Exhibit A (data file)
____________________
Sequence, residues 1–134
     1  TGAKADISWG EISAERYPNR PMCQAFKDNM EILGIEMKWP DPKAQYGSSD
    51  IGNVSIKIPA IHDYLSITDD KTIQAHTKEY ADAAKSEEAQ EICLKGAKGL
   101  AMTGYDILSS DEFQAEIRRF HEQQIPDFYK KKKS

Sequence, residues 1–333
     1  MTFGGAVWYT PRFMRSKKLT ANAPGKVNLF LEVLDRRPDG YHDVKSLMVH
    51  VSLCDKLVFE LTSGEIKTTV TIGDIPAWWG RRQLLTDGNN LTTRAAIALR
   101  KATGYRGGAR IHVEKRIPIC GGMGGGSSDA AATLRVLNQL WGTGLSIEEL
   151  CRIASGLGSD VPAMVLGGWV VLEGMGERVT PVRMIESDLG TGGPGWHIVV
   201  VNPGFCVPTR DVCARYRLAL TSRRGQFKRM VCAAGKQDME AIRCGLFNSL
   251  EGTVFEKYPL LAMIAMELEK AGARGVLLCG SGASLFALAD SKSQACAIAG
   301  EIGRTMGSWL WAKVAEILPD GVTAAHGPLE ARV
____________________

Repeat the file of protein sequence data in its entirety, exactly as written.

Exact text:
Sequence, residues 1–134
     1  TGAKADISWG EISAERYPNR PMCQAFKDNM EILGIEMKWP DPKAQYGSSD
    51  IGNVSIKIPA IHDYLSITDD KTIQAHTKEY ADAAKSEEAQ EICLKGAKGL
   101  AMTGYDILSS DEFQAEIRRF HEQQIPDFYK KKKS

Sequence, residues 1–333
     1  MTFGGAVWYT PRFMRSKKLT ANAPGKVNLF LEVLDRRPDG YHDVKSLMVH
    51  VSLCDKLVFE LTSGEIKTTV TIGDIPAWWG RRQLLTDGNN LTTRAAIALR
   101  KATGYRGGAR IHVEKRIPIC GGMGGGSSDA AATLRVLNQL WGTGLSIEEL
   151  CRIASGLGSD VPAMVLGGWV VLEGMGERVT PVRMIESDLG TGGPGWHIVV
   201  VNPGFCVPTR DVCARYRLAL TSRRGQFKRM VCAAGKQDME AIRCGLFNSL
   251  EGTVFEKYPL LAMIAMELEK AGARGVLLCG SGASLFALAD SKSQACAIAG
   301  EIGRTMGSWL WAKVAEILPD GVTAAHGPLE ARV